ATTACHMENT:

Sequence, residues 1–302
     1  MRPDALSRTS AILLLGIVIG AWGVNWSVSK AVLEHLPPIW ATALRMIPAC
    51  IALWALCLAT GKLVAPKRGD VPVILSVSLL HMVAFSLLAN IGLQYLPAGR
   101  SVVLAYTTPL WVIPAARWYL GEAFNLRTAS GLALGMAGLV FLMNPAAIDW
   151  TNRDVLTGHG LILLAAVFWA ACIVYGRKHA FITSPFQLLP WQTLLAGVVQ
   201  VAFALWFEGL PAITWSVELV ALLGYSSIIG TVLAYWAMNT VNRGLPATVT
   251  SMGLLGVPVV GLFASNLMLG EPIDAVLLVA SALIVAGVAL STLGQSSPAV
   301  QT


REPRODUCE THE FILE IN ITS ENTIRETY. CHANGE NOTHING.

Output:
Sequence, residues 1–302
     1  MRPDALSRTS AILLLGIVIG AWGVNWSVSK AVLEHLPPIW ATALRMIPAC
    51  IALWALCLAT GKLVAPKRGD VPVILSVSLL HMVAFSLLAN IGLQYLPAGR
   101  SVVLAYTTPL WVIPAARWYL GEAFNLRTAS GLALGMAGLV FLMNPAAIDW
   151  TNRDVLTGHG LILLAAVFWA ACIVYGRKHA FITSPFQLLP WQTLLAGVVQ
   201  VAFALWFEGL PAITWSVELV ALLGYSSIIG TVLAYWAMNT VNRGLPATVT
   251  SMGLLGVPVV GLFASNLMLG EPIDAVLLVA SALIVAGVAL STLGQSSPAV
   301  QT